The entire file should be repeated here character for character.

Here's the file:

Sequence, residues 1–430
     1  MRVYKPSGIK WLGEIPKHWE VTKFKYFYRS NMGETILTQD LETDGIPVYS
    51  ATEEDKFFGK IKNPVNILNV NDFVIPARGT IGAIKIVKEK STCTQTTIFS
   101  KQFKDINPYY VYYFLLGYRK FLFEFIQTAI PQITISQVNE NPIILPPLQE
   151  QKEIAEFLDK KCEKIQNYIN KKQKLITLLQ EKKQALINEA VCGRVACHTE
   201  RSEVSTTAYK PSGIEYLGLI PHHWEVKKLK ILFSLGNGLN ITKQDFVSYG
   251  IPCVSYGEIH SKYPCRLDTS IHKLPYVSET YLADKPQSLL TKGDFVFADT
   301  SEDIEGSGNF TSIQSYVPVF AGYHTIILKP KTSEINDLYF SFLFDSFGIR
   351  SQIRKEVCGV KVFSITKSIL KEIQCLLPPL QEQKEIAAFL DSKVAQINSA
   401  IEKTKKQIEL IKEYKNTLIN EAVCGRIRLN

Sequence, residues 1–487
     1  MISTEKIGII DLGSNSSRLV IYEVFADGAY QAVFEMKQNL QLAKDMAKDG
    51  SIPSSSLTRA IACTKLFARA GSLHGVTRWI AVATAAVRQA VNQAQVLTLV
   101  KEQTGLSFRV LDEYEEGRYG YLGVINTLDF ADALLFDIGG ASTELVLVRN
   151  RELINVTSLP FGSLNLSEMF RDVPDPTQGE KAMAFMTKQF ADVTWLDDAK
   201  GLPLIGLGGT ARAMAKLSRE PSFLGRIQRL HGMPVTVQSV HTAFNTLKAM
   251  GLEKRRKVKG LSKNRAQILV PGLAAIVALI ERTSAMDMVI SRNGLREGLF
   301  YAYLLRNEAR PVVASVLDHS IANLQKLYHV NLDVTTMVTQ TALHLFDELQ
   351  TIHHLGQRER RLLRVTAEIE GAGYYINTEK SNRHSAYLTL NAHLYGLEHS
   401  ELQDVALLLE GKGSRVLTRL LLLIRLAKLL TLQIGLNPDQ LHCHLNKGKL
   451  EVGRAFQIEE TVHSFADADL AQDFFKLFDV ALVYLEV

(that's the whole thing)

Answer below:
Sequence, residues 1–430
     1  MRVYKPSGIK WLGEIPKHWE VTKFKYFYRS NMGETILTQD LETDGIPVYS
    51  ATEEDKFFGK IKNPVNILNV NDFVIPARGT IGAIKIVKEK STCTQTTIFS
   101  KQFKDINPYY VYYFLLGYRK FLFEFIQTAI PQITISQVNE NPIILPPLQE
   151  QKEIAEFLDK KCEKIQNYIN KKQKLITLLQ EKKQALINEA VCGRVACHTE
   201  RSEVSTTAYK PSGIEYLGLI PHHWEVKKLK ILFSLGNGLN ITKQDFVSYG
   251  IPCVSYGEIH SKYPCRLDTS IHKLPYVSET YLADKPQSLL TKGDFVFADT
   301  SEDIEGSGNF TSIQSYVPVF AGYHTIILKP KTSEINDLYF SFLFDSFGIR
   351  SQIRKEVCGV KVFSITKSIL KEIQCLLPPL QEQKEIAAFL DSKVAQINSA
   401  IEKTKKQIEL IKEYKNTLIN EAVCGRIRLN

Sequence, residues 1–487
     1  MISTEKIGII DLGSNSSRLV IYEVFADGAY QAVFEMKQNL QLAKDMAKDG
    51  SIPSSSLTRA IACTKLFARA GSLHGVTRWI AVATAAVRQA VNQAQVLTLV
   101  KEQTGLSFRV LDEYEEGRYG YLGVINTLDF ADALLFDIGG ASTELVLVRN
   151  RELINVTSLP FGSLNLSEMF RDVPDPTQGE KAMAFMTKQF ADVTWLDDAK
   201  GLPLIGLGGT ARAMAKLSRE PSFLGRIQRL HGMPVTVQSV HTAFNTLKAM
   251  GLEKRRKVKG LSKNRAQILV PGLAAIVALI ERTSAMDMVI SRNGLREGLF
   301  YAYLLRNEAR PVVASVLDHS IANLQKLYHV NLDVTTMVTQ TALHLFDELQ
   351  TIHHLGQRER RLLRVTAEIE GAGYYINTEK SNRHSAYLTL NAHLYGLEHS
   401  ELQDVALLLE GKGSRVLTRL LLLIRLAKLL TLQIGLNPDQ LHCHLNKGKL
   451  EVGRAFQIEE TVHSFADADL AQDFFKLFDV ALVYLEV